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Br J Nutr. 2017 Feb;117(3):466-472. doi: 10.1017/S0007114517000332. Epub 2017 Mar 2.

Maternal use of dietary supplements during pregnancy is not associated with coeliac disease in the offspring: The Environmental Determinants of Diabetes in the Young (TEDDY) study.

Author information

1
1Health Informatics Institute,Morsani College of Medicine,University of South Florida,Tampa,FL 33612,USA.
2
2The Diabetes and Celiac Disease Unit,Department of Clinical Sciences,Lund University,20502 Malmö,Sweden.
3
3Barbara Davis Center for Childhood Diabetes,University of Colorado School of Medicine,Aurora,CO 80045,USA.
4
4Pacific Northwest Diabetes Research Institute,Seattle,WA 98122,USA.
5
5Center for Biotechnology and Genomic Medicine,Augusta University,Augusta,GA 30912,USA.
6
6Department of Physiology,Institute of Biomedicine,University of Turku,20014 Turku,Finland.
7
8Institute of Diabetes Research,Helmholtz Zentrum München and Klinikum rechts der Isar,Technische Universität München, and Forschergruppe Diabetes e.V.,80804 Neuherberg,Germany.
8
9National Institute of Diabetes and Digestive and Kidney Diseases,National Institutes of Health,Bethesda,MA 20892,USA.
9
10Department of Epidemiology,Colorado School of Public Health,University of Colorado Anschutz Medical Campus,Aurora,CO 80045,USA.
10
11Unit of Nutrition,National Institute for Health and Welfare,00300 Helsinki,Finland.

Abstract

Perinatal exposure to nutrients and dietary components may affect the risk for coeliac disease (CD). We investigated the association between maternal use of vitamin D, n-3 fatty acids (FA) and Fe supplements during pregnancy and risk for CD autoimmunity (CDA) and CD in the offspring. Children at increased genetic risk were prospectively followed from birth in The Environmental Determinants of Diabetes in the Young (TEDDY) study. CDA was defined as having persistently positive tissue transglutaminase autoantibodies (tTGA). Diagnosis of CD was either biopsy-confirmed or considered likely if having persistently elevated levels of tTGA>100 AU. Of 6627 enrolled children, 1136 developed CDA at a median 3·1 years of age (range 0·9-10) and 409 developed CD at a median 3·9 years of age (range 1·2-11). Use of supplements containing vitamin D, n-3 FA and Fe was recalled by 66, 17 and 94 % of mothers, respectively, at 3-4 months postpartum. The mean cumulative intake over the entire pregnancy was 2014 μg vitamin D (sd 2045 μg), 111 g n-3 FA (sd 303 g) and 8806 mg Fe (sd 7017 mg). After adjusting for country, child's human leucocyte antigen genotype, sex, family history of CD, any breast-feeding duration and household crowding, Cox's proportional hazard ratios did not suggest a statistically significant association between the intake of vitamin D, n-3 FA or Fe, and risk for CDA or CD. Dietary supplementation during pregnancy may help boost nutrient intake, but it is not likely to modify the risk for the disease in the offspring.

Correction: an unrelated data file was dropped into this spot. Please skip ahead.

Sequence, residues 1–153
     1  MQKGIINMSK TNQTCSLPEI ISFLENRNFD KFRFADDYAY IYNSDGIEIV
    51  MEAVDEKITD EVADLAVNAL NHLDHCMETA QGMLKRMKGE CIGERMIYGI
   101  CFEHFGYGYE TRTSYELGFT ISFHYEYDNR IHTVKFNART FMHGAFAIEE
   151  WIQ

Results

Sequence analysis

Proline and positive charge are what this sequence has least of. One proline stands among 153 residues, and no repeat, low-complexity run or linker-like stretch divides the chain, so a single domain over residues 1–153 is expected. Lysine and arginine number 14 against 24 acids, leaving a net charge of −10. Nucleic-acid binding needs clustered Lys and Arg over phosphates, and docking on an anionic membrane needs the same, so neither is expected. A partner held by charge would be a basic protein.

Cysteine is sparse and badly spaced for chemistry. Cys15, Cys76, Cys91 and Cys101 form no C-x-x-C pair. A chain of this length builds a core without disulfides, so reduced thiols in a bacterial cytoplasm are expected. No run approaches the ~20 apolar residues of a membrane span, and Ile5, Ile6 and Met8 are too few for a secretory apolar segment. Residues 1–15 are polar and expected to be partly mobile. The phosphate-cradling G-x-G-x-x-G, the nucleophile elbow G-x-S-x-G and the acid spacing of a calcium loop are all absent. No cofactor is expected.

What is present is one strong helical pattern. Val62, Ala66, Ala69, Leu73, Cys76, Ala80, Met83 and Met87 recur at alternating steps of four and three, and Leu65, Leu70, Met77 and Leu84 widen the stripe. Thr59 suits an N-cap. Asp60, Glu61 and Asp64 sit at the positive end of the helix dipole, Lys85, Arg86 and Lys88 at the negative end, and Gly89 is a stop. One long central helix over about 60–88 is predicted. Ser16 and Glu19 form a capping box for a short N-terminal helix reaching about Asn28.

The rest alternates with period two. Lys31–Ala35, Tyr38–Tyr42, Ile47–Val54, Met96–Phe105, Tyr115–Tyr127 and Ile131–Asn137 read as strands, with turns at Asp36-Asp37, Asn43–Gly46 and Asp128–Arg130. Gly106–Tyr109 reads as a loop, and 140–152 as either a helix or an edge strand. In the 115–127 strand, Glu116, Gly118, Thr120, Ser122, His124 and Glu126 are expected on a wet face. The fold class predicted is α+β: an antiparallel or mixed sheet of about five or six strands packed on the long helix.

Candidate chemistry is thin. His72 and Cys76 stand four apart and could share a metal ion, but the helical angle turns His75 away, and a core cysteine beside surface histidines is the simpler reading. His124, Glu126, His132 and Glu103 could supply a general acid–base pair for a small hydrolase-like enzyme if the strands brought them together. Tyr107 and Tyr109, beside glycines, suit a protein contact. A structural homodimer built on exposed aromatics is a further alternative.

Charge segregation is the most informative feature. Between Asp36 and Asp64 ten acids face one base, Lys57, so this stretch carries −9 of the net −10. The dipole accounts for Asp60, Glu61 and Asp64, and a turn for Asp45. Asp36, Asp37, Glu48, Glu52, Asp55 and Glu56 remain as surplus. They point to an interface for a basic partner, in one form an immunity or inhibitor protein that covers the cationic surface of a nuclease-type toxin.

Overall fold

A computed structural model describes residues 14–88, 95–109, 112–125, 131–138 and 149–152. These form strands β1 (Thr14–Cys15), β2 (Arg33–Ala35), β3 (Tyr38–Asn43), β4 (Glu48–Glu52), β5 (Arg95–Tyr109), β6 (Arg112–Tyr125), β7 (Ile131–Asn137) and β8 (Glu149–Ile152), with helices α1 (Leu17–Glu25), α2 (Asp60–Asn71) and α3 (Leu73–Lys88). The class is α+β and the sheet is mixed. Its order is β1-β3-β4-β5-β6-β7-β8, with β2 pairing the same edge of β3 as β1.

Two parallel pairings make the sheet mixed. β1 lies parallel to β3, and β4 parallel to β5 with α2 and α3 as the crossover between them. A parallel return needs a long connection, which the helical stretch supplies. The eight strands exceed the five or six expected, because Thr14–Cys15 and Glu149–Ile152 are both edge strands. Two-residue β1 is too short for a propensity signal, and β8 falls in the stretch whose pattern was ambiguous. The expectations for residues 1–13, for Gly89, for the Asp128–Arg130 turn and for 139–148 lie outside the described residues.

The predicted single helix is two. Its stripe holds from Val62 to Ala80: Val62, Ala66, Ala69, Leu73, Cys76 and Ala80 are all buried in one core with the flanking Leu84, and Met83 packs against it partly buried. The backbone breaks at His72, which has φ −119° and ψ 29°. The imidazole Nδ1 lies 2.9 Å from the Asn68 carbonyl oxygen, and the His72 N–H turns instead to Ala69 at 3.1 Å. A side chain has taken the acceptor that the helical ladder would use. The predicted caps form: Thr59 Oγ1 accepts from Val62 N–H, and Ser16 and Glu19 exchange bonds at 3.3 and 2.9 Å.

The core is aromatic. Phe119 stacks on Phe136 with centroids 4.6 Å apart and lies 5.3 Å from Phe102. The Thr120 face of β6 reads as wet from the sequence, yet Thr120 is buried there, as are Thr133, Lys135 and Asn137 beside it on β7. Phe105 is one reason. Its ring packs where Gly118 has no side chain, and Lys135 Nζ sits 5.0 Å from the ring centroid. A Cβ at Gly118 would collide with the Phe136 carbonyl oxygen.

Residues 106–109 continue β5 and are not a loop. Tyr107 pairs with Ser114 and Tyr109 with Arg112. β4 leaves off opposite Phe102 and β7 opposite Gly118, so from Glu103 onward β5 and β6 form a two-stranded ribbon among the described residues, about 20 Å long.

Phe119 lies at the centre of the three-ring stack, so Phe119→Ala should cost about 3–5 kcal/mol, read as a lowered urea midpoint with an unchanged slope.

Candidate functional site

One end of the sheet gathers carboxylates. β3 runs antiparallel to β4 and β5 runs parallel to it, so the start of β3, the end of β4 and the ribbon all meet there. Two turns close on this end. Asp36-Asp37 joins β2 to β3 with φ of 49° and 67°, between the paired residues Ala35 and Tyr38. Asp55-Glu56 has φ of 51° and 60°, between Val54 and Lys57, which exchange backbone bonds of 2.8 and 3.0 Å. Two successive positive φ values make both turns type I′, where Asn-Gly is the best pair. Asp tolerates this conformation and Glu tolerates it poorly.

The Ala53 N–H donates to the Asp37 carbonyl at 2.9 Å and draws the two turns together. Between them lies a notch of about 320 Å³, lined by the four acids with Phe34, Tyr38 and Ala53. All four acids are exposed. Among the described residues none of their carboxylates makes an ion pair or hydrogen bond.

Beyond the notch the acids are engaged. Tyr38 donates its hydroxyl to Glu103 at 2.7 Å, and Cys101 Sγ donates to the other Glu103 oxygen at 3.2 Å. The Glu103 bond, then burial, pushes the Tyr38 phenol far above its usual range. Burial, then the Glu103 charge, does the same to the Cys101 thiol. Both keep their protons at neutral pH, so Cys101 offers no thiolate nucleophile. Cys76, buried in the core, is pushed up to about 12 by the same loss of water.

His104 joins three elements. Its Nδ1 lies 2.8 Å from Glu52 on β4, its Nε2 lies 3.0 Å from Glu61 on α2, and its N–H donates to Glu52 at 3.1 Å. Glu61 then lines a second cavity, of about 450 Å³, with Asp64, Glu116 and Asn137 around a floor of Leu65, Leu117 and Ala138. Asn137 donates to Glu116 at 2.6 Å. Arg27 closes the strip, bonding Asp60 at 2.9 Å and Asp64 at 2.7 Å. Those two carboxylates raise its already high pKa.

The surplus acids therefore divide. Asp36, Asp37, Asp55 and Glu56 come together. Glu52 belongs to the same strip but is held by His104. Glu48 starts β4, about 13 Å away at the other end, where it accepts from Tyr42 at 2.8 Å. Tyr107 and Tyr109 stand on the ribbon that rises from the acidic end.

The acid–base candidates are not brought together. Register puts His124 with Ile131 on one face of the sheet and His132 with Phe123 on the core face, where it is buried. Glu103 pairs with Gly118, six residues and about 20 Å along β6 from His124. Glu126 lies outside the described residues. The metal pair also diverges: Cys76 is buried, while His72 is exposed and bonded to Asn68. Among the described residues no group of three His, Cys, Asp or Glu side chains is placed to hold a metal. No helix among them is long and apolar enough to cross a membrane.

KEYWORDS:

CDA coeliac disease autoimmunity; FA fatty acids; HLA human leucocyte antigen; HR hazard ratio; TEDDY The Environmental Determinants of Diabetes in the Young; tTGA tissue transglutaminase antibodies; Coeliac disease; Dietary supplements; Maternal consumption; Offspring

PMID:
28249640
PMCID:
PMC5477643
DOI:
10.1017/S0007114517000332
[Indexed for MEDLINE]
Free PMC Article

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